This weekend, the Right to the City (http://www.righttothecity.org/) is having their annual conference in Boston, being hosted by MassUniting (http://massuniting.org/) and City Life/Vida Urbana (http://clvu.org/). You can read about it at http://thephoenix.com/boston/news/127535-bostons-housing-crisis-spawns-a-grassroots-revolu/
Right to the City (RTTC) emerged in 2007 as a unified response to gentrification and a call to halt the displacement of low-income people, LGBTQ, and youths of color from their historic urban neighborhoods. We are a national alliance of racial, economic and environmental justice organizations.
The Boston area seems to be one of the few in the country where homeowners have been (somewhat) successfully fighting back against the banks’ foreclosures and evictions. They have been successful because they have organized and stood up for their rights together.
My visits to the Occupy Boston site have confirmed that connections have been made between Right to the City, MassUniting, and City Life/Vida Urbana. I expect some of the occupiers downtown will be participating in eviction blockades out in the neighborhoods. I also expect that organizers from across the country will be taking back effective tactics and strategies to save peoples’ homes from the chicanery of such banks as Bank of America.
We need more organized solidarity like this to expand the effects of each of our separate groups.
Why are Massachusetts’ working families still losing out in this economy? We bailed out the big banks and corporations when they were struggling. But now corporate CEOs are making out with multimillion-dollar profits and paying low taxes, if any at all.
It’s time for corporate CEOs and the rich to give back to the rest of us.
There’s more than enough money in Massachusetts for everyone to have a good job, decent wages and the public services they need—as long as corporate CEOs and the rich do their part.
Big businesses and the rich need to pay their fair share of taxes, so we can maintain our health care, education, and other vital services and guarantee our children a better future.
MASSUNITING is a coalition of neighbors, community groups, faith organizations and labor united in the fight for good jobs, corporate accountability, and stronger communities.
City Life/Vida Urbana is a 38-year-old bilingual, community organization whose mission is to fight for racial, social and economic justice and gender equality by building working class power through direct action, coalition building, education and advocacy. In organizing poor and working class people of diverse race and nationalities, we promote individual empowerment, develop community leaders, and are building a movement to effect systemic change and transform society. Our roots are in promoting tenant rights and preventing housing displacement. In response to the devastating impact of the foreclosure crisis on communities in Boston, we launched a major campaign in 2007, the Post-Foreclosure Eviction Defense campaign to help keep people facing foreclosure in their homes. Victories won by hundreds of organized families have created public and political pressure which is driving legislative reform and has inspired the emergence of similar campaigns across the region.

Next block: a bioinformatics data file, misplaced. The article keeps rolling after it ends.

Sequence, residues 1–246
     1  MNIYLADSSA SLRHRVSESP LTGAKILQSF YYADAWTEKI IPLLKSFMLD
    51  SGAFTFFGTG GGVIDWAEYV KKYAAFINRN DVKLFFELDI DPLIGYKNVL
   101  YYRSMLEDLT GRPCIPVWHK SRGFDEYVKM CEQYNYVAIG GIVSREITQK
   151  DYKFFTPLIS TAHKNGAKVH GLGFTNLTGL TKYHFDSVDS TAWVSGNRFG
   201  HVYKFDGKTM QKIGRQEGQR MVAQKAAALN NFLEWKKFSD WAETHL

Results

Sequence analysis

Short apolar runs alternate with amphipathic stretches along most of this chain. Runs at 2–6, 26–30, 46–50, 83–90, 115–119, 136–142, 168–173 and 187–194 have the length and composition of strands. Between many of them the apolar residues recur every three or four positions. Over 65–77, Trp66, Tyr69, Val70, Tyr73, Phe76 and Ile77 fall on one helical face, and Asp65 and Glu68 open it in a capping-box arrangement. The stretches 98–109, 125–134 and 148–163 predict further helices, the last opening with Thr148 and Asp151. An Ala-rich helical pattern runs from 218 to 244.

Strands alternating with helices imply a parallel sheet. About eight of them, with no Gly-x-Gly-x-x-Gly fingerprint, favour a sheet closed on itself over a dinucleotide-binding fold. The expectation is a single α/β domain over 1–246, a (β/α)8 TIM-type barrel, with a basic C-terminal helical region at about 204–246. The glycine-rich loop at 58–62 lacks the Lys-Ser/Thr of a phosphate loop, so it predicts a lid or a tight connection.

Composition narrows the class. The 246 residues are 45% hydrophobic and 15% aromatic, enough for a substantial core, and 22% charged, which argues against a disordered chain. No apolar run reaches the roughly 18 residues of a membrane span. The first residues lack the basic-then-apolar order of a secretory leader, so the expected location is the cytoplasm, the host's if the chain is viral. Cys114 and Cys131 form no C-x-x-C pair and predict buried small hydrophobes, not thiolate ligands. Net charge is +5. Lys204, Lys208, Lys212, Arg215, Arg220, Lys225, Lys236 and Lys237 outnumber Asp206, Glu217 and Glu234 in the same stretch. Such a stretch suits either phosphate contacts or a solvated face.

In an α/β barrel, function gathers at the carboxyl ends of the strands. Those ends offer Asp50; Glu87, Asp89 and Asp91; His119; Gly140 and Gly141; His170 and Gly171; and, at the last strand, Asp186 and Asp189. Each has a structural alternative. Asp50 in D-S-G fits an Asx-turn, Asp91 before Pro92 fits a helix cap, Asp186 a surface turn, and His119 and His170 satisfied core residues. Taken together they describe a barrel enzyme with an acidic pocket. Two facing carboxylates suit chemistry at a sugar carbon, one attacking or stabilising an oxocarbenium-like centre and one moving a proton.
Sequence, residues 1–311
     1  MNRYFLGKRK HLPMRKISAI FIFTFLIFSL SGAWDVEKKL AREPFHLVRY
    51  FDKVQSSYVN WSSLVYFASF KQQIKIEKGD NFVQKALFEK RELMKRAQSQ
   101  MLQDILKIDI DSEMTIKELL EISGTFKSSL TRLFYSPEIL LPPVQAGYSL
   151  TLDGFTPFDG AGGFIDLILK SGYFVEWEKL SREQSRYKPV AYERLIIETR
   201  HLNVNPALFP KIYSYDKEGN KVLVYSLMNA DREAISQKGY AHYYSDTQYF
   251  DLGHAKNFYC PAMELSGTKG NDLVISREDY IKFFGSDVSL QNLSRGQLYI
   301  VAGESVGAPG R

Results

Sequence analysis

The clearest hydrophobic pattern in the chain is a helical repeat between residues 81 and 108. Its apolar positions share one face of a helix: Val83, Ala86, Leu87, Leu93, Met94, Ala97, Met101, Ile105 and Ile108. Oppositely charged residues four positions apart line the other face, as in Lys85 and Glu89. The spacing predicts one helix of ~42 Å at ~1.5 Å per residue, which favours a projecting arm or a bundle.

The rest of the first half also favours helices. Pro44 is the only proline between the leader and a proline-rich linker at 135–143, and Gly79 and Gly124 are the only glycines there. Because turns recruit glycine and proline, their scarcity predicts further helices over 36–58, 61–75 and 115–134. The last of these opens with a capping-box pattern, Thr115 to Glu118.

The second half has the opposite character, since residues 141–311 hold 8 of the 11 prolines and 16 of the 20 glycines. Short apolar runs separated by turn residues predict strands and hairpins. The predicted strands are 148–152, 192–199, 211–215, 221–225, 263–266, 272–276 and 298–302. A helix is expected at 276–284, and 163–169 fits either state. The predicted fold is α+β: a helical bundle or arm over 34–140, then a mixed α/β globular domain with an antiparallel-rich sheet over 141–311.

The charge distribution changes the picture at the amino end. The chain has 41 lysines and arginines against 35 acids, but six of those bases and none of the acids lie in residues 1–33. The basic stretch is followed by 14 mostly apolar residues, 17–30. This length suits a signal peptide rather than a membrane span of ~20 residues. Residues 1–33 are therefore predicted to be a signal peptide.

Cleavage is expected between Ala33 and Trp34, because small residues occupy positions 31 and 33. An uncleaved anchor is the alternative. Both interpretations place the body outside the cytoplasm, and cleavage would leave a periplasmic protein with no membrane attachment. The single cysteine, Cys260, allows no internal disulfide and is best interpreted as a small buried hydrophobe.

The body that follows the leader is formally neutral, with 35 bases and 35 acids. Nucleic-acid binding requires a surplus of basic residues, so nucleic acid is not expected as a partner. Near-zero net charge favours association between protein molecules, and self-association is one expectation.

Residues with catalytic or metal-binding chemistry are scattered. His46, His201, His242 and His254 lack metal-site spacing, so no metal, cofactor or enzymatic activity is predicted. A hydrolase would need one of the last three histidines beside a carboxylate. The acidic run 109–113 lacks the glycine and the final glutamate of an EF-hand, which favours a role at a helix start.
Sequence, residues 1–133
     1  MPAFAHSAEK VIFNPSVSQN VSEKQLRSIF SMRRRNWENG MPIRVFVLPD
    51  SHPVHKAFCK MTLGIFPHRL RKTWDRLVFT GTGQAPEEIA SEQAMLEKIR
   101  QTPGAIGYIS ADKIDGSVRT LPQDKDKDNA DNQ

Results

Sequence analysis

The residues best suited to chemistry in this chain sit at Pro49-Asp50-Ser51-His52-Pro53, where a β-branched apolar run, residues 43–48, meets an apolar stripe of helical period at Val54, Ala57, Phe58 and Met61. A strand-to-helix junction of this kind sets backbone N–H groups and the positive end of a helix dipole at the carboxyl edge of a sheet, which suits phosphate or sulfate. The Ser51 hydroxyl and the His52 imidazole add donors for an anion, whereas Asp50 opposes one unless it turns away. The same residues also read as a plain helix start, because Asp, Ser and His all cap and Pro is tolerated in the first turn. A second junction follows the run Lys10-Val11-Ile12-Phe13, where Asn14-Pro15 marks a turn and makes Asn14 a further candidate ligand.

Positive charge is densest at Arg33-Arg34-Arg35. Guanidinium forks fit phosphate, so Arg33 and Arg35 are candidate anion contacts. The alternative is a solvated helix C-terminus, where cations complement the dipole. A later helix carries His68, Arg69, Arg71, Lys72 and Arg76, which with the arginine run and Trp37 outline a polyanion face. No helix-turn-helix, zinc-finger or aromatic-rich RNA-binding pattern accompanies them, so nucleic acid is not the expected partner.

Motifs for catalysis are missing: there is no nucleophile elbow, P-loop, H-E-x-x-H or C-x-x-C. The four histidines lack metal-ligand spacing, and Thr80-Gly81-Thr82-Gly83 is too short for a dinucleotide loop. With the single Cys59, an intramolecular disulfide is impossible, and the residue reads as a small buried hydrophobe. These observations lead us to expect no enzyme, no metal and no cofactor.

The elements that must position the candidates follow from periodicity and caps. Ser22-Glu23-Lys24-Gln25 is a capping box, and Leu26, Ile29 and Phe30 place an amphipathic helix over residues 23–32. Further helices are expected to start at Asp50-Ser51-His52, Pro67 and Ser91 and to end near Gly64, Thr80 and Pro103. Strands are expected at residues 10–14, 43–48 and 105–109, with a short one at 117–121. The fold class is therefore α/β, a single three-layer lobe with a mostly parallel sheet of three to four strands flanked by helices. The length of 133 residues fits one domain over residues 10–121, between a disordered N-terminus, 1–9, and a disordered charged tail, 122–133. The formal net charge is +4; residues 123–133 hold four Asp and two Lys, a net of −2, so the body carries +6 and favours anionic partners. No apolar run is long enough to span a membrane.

Since January of 2011, people in Tunisia, Egypt, Yemen, Bahrain, Syria, Libya have gone to the streets to overthrow dictatorial governments. In Spain, they went to the street because their parliamentary democracy has broken down. In Macedonia and Brazil, they went to the streets to protest police brutality and injustice. In Mexico, they went to the streets to protest drug violence and gangs.
This is a world-wide movement and very few commentators have recognized the depth and extent of this movement yet.
Now the Spanish demonstrators are marching across Europe on three different routes to take their grievances and lessons to Brussels and the EU. One group passed through Paris this week for a march with police violence and arrests (http://globalvoicesonline.org/2011/09/27/spain-police-welcomes-15m-protesters-in-paris/).
This is not going to stop and we should realize that the whole world doesn’t have to watch. If we want real change, we must make it ourselves and start marching and talking and demonstrating and building the reality we want.
I would also like the encampments become demonstration models of a new economy, a green economy, as well. Imagine that the occupiers generated their own energy and recycled their own wastes. Imagine combining the Solar Decathlon’s demonstration houses with the #occupy tent cities. I’ve suggested this before to other occupiers (http://www.dailykos.com/story/2009/11/10/802786/-Climate-Encampment-on-the-Boston-Common) in other circumstances. Would be good to see it happen now.